There may be individuals within your family group that can connect the group as a whole to potential partners. Brainstorm within your family community as to possible connections in sectors such as housing, real estate, support services, community life, etc. Create lists of potential partners within each sector.

Engage Working Partners & Create a Memorandum of Understanding
Once you have identified potential partners, make a point to meet with each person/organization on your list to see if you share mutual goals, visions, etc. Share this information with your family group. Once a decision has been reached, reach out to these partners and develop a “memorandum of understanding” which outlines expectations, actions, goals, etc. on behalf of each partner.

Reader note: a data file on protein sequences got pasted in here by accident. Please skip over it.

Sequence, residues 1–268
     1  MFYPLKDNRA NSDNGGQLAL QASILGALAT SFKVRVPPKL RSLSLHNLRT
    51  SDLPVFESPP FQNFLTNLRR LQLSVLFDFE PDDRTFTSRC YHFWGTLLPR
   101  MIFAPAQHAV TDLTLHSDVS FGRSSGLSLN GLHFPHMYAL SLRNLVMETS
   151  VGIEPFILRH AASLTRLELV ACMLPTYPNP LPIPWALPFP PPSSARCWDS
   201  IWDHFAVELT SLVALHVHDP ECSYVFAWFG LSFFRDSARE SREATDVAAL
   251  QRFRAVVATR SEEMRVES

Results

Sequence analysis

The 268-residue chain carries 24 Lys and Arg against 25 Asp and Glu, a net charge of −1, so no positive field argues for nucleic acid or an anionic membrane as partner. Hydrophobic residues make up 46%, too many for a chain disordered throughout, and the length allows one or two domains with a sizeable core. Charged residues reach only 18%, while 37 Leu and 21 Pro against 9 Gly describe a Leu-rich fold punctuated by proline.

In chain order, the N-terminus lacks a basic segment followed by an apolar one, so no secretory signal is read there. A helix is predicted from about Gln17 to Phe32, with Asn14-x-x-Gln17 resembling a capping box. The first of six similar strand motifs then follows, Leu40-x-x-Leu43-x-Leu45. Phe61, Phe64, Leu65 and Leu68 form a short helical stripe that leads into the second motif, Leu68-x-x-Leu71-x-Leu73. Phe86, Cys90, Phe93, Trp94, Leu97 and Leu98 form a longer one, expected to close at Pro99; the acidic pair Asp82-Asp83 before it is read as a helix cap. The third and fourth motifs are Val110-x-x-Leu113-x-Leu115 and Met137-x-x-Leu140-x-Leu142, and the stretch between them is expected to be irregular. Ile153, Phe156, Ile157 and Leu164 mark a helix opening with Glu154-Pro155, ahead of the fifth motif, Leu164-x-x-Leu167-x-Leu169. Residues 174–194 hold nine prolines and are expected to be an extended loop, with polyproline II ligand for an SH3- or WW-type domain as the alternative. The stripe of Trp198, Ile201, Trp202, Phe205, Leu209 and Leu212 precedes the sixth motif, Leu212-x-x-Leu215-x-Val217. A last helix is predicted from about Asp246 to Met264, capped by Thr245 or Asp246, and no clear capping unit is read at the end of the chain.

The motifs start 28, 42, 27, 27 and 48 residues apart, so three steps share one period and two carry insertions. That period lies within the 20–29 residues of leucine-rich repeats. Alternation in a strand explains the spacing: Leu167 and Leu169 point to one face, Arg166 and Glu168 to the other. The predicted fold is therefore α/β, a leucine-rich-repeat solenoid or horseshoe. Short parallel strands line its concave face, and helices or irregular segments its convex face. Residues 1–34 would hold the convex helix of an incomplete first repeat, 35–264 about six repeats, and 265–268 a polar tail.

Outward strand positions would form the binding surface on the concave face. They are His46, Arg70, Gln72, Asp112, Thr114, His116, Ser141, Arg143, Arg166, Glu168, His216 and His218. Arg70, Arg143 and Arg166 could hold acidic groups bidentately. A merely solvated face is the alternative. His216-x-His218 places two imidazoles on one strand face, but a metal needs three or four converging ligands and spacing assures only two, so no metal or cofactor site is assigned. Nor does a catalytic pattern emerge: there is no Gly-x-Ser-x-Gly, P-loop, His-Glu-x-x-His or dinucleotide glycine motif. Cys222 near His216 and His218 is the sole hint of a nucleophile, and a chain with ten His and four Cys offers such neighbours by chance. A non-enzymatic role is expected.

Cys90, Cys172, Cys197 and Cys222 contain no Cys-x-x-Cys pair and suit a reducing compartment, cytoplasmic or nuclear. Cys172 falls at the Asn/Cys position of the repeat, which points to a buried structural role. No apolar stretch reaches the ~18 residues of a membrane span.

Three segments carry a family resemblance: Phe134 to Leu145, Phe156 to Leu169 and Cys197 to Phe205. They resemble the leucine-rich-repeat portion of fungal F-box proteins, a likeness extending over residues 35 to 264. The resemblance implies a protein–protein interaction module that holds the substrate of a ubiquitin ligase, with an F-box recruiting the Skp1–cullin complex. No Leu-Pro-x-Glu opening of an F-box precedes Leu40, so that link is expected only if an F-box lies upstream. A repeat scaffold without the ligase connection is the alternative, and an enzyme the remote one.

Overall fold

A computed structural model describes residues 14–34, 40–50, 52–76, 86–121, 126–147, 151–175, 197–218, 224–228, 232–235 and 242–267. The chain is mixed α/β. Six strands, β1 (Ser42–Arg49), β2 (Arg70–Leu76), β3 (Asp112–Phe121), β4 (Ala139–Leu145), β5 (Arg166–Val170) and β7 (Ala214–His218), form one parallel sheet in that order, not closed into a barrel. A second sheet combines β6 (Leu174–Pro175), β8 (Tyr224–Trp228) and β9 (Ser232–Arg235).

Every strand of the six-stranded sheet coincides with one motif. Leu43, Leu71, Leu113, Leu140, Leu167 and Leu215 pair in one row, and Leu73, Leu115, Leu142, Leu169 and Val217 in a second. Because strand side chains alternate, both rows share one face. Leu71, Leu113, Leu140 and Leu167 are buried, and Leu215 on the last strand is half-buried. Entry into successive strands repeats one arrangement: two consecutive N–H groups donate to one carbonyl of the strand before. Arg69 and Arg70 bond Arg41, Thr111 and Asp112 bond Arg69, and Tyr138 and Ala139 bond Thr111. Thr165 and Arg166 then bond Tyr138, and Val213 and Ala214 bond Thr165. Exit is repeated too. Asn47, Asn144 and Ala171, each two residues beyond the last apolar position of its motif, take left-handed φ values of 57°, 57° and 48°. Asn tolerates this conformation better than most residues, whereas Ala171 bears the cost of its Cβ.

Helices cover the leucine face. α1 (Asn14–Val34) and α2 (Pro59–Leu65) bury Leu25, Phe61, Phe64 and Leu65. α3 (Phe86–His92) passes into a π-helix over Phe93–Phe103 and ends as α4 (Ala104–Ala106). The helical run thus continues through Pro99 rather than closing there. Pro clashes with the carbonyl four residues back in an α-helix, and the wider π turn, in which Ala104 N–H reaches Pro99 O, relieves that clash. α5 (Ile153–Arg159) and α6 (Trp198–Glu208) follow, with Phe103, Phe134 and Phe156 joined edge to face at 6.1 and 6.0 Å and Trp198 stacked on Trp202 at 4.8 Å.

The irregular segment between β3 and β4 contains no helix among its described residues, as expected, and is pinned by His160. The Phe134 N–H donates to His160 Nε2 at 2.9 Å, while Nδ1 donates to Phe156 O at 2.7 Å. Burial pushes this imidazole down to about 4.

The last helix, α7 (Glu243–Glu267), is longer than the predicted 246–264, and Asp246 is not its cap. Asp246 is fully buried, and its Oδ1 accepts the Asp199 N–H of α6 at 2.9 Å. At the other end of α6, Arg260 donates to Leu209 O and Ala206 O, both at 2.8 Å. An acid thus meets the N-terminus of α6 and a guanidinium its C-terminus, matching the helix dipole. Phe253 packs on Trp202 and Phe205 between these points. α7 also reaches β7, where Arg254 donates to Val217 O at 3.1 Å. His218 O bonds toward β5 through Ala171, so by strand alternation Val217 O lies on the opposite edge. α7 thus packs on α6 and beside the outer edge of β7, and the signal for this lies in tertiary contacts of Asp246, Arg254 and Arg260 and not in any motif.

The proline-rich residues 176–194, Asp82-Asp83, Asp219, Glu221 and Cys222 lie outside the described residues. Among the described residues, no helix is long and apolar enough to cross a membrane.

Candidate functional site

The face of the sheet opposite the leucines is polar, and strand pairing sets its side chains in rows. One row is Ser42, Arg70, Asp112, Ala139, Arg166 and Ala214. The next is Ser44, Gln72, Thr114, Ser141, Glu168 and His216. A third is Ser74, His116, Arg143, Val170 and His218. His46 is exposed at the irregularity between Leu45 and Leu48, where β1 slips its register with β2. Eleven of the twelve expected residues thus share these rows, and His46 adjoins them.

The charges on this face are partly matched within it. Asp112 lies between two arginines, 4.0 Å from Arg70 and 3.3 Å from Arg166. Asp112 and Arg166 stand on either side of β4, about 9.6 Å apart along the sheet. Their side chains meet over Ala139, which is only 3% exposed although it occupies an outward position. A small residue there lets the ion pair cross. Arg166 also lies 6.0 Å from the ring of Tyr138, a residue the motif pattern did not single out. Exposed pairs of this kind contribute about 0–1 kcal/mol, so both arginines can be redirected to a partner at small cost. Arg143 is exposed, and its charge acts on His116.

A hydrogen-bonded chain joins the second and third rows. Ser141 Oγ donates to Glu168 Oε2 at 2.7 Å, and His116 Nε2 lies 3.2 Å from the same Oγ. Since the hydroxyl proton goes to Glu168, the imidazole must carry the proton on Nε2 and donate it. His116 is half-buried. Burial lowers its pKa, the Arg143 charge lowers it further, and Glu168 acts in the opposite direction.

For a more comprehensive guide to creating community partnerships you may wish to participate in CIF’s New Futures Initiative training. For more information, or to join our community development projects in Maryland, Virginia, or Washington, D.C., please contact us.

Would You Like More Information?

As mentioned, M&L was first introduced to community partnerships through Center for Independent Futures’ New Futures Initiative™ training. For more information on this training, please click here to visit out blog on the topic, or check out CIF’s website. If you would like to begin the process of recruiting families to take the New Futures Training and develop special needs communities in your own neighborhoods, please contact us! We would love to hear from you.

As well, if you would like information on any special needs related topic, please let us know! We offer a wide array of services, financial and life planning, and would love to help you secure a happy, stable future for your loved one with special needs.

Thanks for dropping by today – please join us next week!